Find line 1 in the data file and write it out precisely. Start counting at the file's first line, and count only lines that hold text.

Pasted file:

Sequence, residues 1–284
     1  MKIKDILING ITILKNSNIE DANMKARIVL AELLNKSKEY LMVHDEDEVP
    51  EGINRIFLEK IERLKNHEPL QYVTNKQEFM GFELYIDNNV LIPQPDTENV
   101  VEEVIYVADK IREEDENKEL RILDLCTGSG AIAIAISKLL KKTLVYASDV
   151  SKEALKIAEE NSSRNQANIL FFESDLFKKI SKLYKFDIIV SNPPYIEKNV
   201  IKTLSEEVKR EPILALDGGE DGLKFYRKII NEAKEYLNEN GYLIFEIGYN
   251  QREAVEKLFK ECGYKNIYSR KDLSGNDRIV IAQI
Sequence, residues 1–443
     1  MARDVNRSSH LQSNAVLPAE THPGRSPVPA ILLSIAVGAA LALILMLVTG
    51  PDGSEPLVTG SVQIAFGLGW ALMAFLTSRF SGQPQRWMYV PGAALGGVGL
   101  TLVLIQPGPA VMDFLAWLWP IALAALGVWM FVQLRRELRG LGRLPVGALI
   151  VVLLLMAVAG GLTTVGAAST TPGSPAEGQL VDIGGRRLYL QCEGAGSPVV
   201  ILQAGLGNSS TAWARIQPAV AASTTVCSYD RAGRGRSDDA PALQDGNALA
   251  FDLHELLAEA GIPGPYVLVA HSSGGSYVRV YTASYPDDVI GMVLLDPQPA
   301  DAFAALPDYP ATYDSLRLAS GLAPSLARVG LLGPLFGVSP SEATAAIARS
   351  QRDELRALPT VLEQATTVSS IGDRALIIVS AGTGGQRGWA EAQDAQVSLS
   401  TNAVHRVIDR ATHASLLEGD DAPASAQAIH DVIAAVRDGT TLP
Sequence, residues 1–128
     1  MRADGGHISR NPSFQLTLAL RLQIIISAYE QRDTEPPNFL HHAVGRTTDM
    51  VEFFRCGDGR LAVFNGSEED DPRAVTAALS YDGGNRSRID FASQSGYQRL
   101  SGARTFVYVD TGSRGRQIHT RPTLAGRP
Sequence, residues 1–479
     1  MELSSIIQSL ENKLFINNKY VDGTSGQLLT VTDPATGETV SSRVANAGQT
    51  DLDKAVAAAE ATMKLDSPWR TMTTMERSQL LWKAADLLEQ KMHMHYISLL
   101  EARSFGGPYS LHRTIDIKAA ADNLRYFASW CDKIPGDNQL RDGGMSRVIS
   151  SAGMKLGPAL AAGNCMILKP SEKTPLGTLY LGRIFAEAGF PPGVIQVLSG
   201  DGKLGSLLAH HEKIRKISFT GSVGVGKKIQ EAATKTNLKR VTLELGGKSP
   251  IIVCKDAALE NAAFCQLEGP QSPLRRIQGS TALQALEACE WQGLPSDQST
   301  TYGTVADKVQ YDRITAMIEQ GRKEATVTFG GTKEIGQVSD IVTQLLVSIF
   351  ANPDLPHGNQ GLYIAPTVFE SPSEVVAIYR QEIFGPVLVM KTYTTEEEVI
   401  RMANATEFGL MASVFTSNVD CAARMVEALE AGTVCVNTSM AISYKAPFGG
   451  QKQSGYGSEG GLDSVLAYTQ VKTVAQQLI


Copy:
Sequence, residues 1–284